Yesterday, I participated in an AARP program with several authors of books on caregiving. One fellow panelist, the novelist Walter Mosley, was wonderfully provocative as he reflected on what he calls “the great equalizing effect of great age.” Mosley, whose mother was Jewish and whose father was black, put it this way:  “White people become black people when they can no longer care for themselves.”  The older you get, he added, “the more you move into the Third World–” marginalized by the rest of society.

Frances Norwood, who has written about end of life issues, calls this phenomenon social death: The idea that many frail elderly and younger people with profound disabilities the human connections that make life what it is. Before they physically die, they are discarded by friends and even family, become defined by their disease, and lose all control over their lives as decisions are made for them by others.

In his recent novel The Last Days of Ptolemy Grey, Mosley puts readers into the soul of a 91-year old man with dementia. Ptolemy lives alone in an apartment filed with the memories his mind can no longer manage.  He is a hoarder. He can’t bathe himself and because his toilet is stopped up, he must urinate in a cup and wait until someone can take him to a nearby restaurant to defecate. But Ptolemy has things he wants to say and to do. There is still, behind the dementia, a man.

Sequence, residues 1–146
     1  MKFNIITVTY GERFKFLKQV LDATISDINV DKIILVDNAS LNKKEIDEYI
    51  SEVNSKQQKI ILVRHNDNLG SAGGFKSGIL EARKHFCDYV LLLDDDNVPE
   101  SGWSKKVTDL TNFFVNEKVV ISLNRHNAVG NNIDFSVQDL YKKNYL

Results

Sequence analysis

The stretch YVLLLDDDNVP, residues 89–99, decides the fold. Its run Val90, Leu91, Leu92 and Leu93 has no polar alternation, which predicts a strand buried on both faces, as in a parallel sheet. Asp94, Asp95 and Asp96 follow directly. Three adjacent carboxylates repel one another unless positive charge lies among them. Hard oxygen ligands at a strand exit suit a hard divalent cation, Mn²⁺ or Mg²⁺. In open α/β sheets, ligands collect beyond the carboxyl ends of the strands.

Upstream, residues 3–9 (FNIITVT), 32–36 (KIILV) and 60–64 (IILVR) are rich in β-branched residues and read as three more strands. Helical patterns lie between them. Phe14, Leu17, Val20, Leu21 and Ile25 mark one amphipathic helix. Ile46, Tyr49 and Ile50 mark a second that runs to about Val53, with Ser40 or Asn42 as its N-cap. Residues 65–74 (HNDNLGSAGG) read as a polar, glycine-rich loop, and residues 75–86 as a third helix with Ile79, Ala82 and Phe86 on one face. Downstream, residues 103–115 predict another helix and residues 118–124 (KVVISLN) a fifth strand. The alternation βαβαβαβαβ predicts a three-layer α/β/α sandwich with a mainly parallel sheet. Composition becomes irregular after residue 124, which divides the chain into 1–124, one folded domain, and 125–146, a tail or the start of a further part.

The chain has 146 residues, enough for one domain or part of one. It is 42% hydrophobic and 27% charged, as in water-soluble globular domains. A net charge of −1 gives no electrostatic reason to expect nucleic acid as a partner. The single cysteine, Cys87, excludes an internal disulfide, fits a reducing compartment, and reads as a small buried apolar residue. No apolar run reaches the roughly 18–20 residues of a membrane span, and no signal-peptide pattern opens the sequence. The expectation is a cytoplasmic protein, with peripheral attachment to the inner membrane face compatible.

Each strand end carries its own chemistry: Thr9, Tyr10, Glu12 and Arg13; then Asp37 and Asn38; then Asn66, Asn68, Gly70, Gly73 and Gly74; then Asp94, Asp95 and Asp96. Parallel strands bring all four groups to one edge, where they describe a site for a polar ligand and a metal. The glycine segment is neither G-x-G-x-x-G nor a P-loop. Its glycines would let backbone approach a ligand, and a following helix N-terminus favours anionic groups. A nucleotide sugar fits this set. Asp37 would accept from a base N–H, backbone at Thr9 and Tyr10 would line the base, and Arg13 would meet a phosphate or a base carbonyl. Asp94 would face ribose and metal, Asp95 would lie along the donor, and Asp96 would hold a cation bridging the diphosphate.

Before the program, I asked Mosley where he got the idea for Ptolemy. He told me about his mother who had dementia and his struggles to care for her. Later, he told another story: His mother had never been able to say she loved him. I know she did, Mosley remembered, but she could never express it. As her dementia progressed, Mosley would call her three times a day. And he’d end every call by telling his mother that he loved her.

For three or four months, he remembers, she’d never respond. But when day, he said, “I love you momma.” And she answered, “I love you Walter.”

As I cared for my own father, I found small events such as this extraordinarily powerful. In some way, they wash away the stress and despair that so often accompanies caregiving. They are, as Mosley says, “moments of incredible intimacy you wouldn’t have experienced otherwise.”

My fellow authors and I provided a wide range of views on caregiving from our varying perspectives as physicians, advocates, novelists, journalists, or researchers. Yet, we each have been caregivers ourselves. And Mosley spoke eloquently for us all—not as long-term care experts, but as wives and daughters, and husbands and sons.